Here is a sampling of the names that one should be aware of when researching the Woody surname: Wooddy, Wooddie, Woddy, Wody, Woode, Woodde, Woodee, Wooddey, Woodie, Wooday, Woodya, Woodye, Woodly, Wooly, Waddy, Wady, de Woody and other variations on this theme. In addition, the letters W and M were infrequently confused by transcribers, so be aware of  Moody and variations.
 

Other Researchers of the Henry & William Woody Lines

    The Tyree Tree with Angle, Byrd, Dillion, & Woody Branches by Dorothy Chambers Watts, Albuquerque, New Mexico, 1978. Mildred Motley Woody of Rocky Mount, Virginia contributed to the Randolph & Patience Woody line.  Mary Ellen Gilliland Woody of Springfield, Missouri contributed to the John & Prudence Woody line.

    The Gertrude Casler Mann Collection and The E. Marvin Raney Collection. These collected papers are available at the Franklin Co., Library, Rocky Mount, Virginia.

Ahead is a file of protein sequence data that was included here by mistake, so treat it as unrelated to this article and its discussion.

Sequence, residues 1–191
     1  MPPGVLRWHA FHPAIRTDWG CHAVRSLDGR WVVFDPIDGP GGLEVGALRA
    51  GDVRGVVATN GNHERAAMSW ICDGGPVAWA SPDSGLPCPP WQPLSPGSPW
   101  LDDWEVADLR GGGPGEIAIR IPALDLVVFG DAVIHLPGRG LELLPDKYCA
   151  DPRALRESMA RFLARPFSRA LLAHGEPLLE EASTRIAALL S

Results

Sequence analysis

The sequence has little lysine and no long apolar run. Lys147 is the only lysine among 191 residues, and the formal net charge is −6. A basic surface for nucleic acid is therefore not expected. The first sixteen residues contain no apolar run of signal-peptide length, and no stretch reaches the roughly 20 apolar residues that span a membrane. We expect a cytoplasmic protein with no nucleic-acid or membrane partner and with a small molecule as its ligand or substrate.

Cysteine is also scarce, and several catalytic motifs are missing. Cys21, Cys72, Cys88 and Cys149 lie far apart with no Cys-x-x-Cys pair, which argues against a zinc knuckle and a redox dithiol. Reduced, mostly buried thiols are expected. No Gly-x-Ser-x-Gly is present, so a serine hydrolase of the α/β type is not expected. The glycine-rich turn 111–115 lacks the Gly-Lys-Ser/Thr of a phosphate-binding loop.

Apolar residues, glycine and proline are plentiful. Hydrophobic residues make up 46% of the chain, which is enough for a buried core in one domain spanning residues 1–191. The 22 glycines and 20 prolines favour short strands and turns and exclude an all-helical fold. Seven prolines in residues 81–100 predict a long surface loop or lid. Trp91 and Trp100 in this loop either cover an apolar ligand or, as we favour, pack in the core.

Anita Lotts of Albert Lea, Minnesota has researched the Wyatt Woody line in western North Carolina. One of her primary sources was The Heritage of the Toe River Valley by Lloyd Bailey.

    "John Woody - Veteran, Battle of New Orleans" by Roger V. Logan, Jr., Boone County Historian, Vol. IV, No. IV, 1981

    Chips from the Woody Block - The Woody Family Descending from William Woody (1760-1817) by Jeri Davis Lipov, Columbia, Maryland, 1996. The descendants William's son, John Wooddy, of Arkansas. This research is available on microfilm from the LDS Family History Library as Film # 2055363 Item 1.
 

 

Other Woody Lines

Several other Woody lines have been researched:

    In 1738, John Woody and Mary Lindley were married in Baltimore (later Harford) County Maryland. Slightly earlier in 1736, John was documented in Chester County, Pennsylvania, the home of Mary, and adjacent to Baltimore County, Maryland. The Woodys later moved to the Haw River region of North Carolina where John died. A starting point for this line might be A Stream of Time and Kinfolk and Where They Lived by Vivian R. Woody.